Photos from Ian Hopkins’ book, ‘My Longest Journey.’ (submitted)

Parksville man, 94, among oldest members of the Submariners Association of Canada

Ian Hopkins spent time in the Arctic in a submarine in the 1940s with the Royal Navy

From plunging the depths of the Arctic to herding chickens in Comox, Ian Hopkins has done it all.

He’s now been officially recognized for some of his efforts and is acknowledged as one of the oldest members of the Submariners Association of Canada.

Hopkins, now 94 and living in Parksville, once spent more than 30 days in a submarine in the Arctic with 64 other people from the British Navy. He was born in a small town in Ireland called Wicklow, and joined the Navy as a young man. He then spent seven-and-a-half years serving in the Royal Navy — on land and on the sea.

During boot camp training, Hopkins said he had to get creative to get by. He said he got paid three shillings a day when he first started out in the Navy.

He said one day he offered to cut one of the other men’s hair at boot camp, even though he’d never touched a pair of hair-cutting scissors in his life. He said the man liked his haircut and gave him a hefty tip, so he continued to do it for other people at the base.

“My father had retired, but I said to him if you ever come across electric hair clippers, please get them for me,” he said.

He said his father ended up sending the clippers over, but with a bill for 39 pounds attached to it — nine months pay. Yet, Hopkins said it was worth it.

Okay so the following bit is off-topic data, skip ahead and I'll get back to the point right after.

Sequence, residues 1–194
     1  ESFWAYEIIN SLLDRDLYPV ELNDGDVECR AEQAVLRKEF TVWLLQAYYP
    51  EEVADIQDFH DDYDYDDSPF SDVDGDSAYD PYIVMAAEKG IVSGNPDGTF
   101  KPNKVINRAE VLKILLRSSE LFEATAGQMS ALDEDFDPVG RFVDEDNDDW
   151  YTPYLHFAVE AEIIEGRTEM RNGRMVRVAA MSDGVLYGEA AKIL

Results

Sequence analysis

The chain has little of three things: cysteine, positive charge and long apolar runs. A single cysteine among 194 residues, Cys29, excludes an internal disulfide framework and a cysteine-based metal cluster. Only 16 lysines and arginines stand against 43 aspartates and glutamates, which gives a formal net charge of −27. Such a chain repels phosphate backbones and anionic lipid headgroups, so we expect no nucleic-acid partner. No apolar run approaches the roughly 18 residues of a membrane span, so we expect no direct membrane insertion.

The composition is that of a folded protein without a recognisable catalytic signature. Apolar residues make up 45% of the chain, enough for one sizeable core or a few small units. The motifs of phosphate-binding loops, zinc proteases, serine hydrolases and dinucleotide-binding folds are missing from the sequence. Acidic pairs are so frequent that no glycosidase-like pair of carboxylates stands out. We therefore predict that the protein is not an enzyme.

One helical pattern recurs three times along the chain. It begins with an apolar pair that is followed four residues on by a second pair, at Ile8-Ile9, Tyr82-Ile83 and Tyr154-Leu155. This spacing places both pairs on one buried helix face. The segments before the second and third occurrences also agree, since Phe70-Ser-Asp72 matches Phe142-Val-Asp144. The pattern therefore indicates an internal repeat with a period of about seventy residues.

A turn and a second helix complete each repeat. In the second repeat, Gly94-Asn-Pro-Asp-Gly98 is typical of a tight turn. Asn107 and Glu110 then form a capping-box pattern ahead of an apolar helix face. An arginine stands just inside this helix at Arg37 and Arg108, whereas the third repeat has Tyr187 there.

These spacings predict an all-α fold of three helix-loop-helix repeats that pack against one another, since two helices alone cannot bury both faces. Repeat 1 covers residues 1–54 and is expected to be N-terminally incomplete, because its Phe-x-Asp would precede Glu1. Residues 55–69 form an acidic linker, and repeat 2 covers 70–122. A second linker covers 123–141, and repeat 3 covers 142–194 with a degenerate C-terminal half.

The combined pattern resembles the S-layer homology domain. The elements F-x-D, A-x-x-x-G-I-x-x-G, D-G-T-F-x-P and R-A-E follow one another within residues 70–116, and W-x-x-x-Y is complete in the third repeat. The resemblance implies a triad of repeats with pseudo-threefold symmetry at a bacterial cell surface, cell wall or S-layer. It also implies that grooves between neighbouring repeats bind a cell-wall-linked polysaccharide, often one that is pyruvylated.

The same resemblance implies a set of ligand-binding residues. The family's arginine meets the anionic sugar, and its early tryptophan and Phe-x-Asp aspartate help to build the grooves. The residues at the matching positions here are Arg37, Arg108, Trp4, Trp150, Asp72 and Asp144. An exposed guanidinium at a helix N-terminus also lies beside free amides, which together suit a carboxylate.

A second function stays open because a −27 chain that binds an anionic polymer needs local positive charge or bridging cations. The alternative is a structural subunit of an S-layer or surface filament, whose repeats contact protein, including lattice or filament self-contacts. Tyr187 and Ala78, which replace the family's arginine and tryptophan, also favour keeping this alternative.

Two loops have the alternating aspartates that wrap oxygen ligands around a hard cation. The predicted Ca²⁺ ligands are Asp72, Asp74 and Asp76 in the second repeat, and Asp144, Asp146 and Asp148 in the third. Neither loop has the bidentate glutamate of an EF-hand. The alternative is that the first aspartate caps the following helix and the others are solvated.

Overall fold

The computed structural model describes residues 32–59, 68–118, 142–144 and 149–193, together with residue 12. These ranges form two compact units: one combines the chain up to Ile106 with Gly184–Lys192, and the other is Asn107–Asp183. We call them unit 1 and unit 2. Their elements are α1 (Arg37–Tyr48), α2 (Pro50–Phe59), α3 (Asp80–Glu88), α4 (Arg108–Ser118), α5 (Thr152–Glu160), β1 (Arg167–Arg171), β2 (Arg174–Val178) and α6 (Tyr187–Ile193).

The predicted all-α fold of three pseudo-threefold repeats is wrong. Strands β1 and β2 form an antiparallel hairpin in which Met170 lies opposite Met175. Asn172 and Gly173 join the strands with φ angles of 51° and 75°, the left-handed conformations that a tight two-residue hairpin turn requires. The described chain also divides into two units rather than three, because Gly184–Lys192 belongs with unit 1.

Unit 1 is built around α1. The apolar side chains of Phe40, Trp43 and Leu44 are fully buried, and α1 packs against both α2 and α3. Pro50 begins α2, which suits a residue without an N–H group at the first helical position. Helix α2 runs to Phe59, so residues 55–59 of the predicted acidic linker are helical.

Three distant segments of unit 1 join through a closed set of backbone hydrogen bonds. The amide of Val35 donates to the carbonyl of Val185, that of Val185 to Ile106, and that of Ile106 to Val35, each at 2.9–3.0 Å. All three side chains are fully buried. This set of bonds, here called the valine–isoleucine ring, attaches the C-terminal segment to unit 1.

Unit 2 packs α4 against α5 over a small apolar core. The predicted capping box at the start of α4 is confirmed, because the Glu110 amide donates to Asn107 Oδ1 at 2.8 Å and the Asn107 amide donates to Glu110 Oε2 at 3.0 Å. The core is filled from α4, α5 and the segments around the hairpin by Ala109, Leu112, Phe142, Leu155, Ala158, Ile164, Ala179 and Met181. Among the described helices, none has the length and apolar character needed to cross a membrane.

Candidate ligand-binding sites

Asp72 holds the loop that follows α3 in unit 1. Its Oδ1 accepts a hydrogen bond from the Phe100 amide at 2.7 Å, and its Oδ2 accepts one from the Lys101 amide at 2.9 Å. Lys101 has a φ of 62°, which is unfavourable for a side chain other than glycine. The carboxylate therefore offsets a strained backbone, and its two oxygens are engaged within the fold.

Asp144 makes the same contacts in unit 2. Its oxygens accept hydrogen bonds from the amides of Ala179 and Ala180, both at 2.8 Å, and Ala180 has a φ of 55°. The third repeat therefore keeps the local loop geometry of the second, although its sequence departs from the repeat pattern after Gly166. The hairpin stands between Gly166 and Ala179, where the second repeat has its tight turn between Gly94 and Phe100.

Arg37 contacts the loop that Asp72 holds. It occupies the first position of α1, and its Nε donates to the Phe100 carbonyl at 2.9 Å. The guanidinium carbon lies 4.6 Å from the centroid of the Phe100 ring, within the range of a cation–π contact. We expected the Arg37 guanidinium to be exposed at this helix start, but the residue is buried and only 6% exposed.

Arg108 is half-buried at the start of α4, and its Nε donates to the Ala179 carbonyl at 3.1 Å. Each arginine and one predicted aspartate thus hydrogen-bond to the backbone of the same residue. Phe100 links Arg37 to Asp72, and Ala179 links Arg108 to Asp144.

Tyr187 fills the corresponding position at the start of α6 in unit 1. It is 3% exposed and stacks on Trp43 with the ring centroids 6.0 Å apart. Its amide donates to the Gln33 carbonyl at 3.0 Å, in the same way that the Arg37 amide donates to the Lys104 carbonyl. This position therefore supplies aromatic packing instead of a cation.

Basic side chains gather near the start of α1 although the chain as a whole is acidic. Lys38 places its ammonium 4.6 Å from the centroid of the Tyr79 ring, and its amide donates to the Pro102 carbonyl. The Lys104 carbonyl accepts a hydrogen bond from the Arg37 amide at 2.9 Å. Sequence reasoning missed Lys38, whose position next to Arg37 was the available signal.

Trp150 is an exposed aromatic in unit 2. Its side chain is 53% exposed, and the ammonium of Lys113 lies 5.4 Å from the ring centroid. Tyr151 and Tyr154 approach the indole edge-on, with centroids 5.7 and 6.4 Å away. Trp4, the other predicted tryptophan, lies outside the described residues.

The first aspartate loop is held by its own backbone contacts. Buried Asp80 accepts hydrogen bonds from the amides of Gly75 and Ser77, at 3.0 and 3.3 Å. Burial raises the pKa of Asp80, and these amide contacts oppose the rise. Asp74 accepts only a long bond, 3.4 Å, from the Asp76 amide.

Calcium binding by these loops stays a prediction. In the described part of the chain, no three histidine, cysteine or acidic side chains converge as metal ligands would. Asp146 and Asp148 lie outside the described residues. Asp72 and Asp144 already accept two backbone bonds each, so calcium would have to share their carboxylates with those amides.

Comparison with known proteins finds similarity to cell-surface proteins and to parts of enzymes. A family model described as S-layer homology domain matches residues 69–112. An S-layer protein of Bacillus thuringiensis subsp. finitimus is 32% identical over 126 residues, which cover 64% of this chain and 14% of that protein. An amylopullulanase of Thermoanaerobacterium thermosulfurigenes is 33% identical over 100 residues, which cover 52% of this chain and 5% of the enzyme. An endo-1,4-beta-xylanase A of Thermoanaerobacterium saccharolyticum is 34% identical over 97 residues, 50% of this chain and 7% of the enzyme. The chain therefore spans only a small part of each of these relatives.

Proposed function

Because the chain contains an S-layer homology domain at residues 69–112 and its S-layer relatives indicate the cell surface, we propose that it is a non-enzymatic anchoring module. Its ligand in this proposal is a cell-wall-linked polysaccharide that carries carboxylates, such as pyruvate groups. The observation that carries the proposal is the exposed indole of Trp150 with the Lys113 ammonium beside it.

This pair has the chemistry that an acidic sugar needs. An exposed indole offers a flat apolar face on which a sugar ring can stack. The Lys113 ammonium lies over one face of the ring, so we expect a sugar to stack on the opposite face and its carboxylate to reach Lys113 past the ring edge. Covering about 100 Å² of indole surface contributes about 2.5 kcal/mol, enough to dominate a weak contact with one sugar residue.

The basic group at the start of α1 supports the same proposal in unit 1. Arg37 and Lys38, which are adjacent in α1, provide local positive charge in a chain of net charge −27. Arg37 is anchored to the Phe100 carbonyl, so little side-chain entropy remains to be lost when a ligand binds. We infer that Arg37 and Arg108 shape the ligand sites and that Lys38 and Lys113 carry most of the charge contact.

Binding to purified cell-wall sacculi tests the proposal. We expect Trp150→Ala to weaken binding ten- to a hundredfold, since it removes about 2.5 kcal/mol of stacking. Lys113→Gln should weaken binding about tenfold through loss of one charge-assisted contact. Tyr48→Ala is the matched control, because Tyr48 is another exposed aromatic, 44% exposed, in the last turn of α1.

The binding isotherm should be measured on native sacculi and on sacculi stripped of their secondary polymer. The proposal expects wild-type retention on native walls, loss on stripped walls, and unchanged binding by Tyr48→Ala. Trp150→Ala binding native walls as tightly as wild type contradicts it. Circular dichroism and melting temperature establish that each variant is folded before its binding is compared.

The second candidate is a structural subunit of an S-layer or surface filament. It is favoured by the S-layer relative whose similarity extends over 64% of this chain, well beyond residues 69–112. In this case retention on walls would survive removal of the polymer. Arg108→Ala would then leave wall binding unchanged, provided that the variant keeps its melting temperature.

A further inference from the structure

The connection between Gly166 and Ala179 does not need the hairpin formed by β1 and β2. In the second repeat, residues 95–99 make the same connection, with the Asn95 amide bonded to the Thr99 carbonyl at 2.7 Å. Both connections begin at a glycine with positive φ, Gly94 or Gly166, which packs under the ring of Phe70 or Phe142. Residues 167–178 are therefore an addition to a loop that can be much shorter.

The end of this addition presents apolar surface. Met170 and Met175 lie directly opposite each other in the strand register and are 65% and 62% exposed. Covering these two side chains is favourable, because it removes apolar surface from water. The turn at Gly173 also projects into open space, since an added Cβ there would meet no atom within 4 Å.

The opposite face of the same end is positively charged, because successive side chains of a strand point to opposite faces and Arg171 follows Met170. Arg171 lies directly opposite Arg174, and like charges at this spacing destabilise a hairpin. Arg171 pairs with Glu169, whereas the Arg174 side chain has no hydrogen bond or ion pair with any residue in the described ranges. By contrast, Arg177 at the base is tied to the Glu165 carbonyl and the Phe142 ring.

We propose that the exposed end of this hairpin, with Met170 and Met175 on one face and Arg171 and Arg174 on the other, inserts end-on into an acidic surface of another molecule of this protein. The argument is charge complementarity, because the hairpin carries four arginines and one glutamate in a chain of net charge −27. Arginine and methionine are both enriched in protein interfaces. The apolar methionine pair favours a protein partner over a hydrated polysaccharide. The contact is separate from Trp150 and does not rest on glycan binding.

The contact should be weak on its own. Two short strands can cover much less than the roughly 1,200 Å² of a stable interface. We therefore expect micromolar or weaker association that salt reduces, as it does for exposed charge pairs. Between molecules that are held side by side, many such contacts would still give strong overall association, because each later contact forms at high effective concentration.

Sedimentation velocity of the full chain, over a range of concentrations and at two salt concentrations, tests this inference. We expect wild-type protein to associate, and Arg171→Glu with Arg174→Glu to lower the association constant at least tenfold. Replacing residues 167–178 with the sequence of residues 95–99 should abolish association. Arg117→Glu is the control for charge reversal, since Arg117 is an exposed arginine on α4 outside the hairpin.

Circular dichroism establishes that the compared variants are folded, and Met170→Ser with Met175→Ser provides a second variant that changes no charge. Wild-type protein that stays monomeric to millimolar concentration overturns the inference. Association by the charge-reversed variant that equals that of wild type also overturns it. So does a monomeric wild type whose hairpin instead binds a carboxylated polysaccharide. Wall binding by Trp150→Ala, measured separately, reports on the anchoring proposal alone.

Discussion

“This is the only thing that saved me in the Navy, I couldn’t have existed on the original pay,” he said.

READ MORE: Canadian navy plans to extend life of submarines

But the real adventure came when Hopkins joined the submarine branch of the Navy.

Before he knew it, he was off on an expedition to the Arctic. One that lasted more than a month.

The weather was bad and the water choppy. Hopkins said even as they went down as far as 80 feet, they were still rolling about eight degrees with every wave. One day, they had been underwater for about 17 hours when they realized the oxygen generator and CO2 absorption unit weren’t working. He said that was only one of the mishaps that happened during the expedition.

“We didn’t have a cup to drink out of, we didn’t have plates, they were all smashed into the bad weather,” he said. “We just had to use what we had —the condensed milk tins… that was our cup.”

After his experience in the Arctic, Hopkins eventually made his way to Canada. He started up a woodworking business in Comox and then moved onto farming. At one point, he was raising 3,000 meat birds and supplying 60 dozen eggs a week to local restaurants.

And now, 75 years after his experience in the Arctic, Hopkins spends his time in Parksville retired, but still busy. He’s written about his experience in a 143-page book he put together, titled ‘My Longest Journey.’

“I’ve probably been to the moon and back,” said Hopkins.

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